McCoy will impart real-world perspectives in MPA program

Lawmaker, a long-time Native-American leader and economic-development/high-technology trailblazer, is named an adjunct professor at The Evergreen State College

Source: Office of State Rep. John McCoy

OLYMPIA — State Rep. John McCoy has already worn more hats in his personal and professional lives than about anyone else you could name. Don’t look now, but he’s about to don yet another impressive piece of headwear.

McCoy has accepted an opportunity to share his real-world knowledge and experience in the upcoming 2013-2014 academic year with students at The Evergreen State College (TESC). The veteran lawmaker, and Tulalip-tribal and Snohomish County community leader will teach as an adjunct professor in Evergreen’s Master of Public Administration (MPA) Tribal Concentration program.

“I am very honored and very grateful for this chance to work with men and women who are obviously very committed to lives of public service,” said McCoy. “I know that I will be learning every bit as much from them as I hope they will be learning from me.”

Lee Lyttle is Evergreen’s MPA Director and a faculty member. He said that TESC “is terrifically privileged to welcome and embrace in our college family a man possessed of Representative McCoy’s background and widespread acquaintance in ‘Indian Country’ issues and management.

“John McCoy’s ‘skill set’ in our 20th century and 21st century life and times is simply unmatched; there’s no other way, really, to put it,” Lyttle emphasized.

“The intersection of his diverse experiences in Indian Country — both in his pursuit of economic and community development and in his working with all levels of the business community and local, state and federal governments — will make Representative McCoy a singular, extraordinary participant in our program.”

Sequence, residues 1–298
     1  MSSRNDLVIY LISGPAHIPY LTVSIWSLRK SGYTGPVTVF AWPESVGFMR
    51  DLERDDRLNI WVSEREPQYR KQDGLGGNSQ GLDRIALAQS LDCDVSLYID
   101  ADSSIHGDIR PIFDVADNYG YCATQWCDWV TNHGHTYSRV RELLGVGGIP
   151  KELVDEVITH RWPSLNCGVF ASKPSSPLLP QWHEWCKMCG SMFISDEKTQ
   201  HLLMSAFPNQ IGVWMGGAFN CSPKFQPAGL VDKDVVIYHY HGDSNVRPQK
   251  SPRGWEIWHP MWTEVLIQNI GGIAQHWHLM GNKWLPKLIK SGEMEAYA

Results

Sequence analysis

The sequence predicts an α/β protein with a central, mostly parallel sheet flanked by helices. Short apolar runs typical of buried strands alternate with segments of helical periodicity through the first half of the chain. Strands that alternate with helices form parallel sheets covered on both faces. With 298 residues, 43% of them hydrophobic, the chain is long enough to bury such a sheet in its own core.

McCoy represents the Everett, Marysville, and Tulalip communities and neighborhoods of Snohomish County in the House of Representatives. First elected to the Legislature a little more than 10 years ago, he now chairs the House Community Development, Housing & Tribal Affairs Committee. He is vice chair of the House Environment Committee, and he also has a seat on the House Education Committee.

McCoy served in the United States Air Force for 20 years, retiring in 1981 with extensive training in computer operations and programming. He worked as a computer technician in the White House from 1982 to 1985. Then he came back home to Tulalip, Snohomish County and the state of Washington. Very soon after returning home McCoy championed the bringing of computers, the Internet, and all that that entails to the Tulalip Tribes.

McCoy and his wife, Jeannie McCoy, make their home in Tulalip. They have three daughters, nine grandchildren, and one great-grandson.

The new professor will be visiting the TESC Tribal cohort on May 24. In the fall he will be teaching Tribal Economics and during the winter session he will be teaching Tribal Policy.

Lyttle said that McCoy’s classes will include as many as 30 MPA students, who themselves will bring a tremendous range of personal and professional knowledge to the academic table. Most but not all students in the program are Native American, and they come from different communities all across the land.

Evergreen’s MPA Tribal Concentration program right now represents the nation’s only such program placing strong emphasis on tribal-governance.

“With that in mind,” says the program website, “the Tribal Governance Concentration focuses on structures, processes and issues specific to tribal governments. It provides current and future tribal leaders with the knowledge and skills needed to work successfully in Indian Country. The Concentration is also appropriate for those working with governmental or other organizations in a liaison role with tribal governments. Students go through the entire program as a cohort and finish in two years in this structured program.”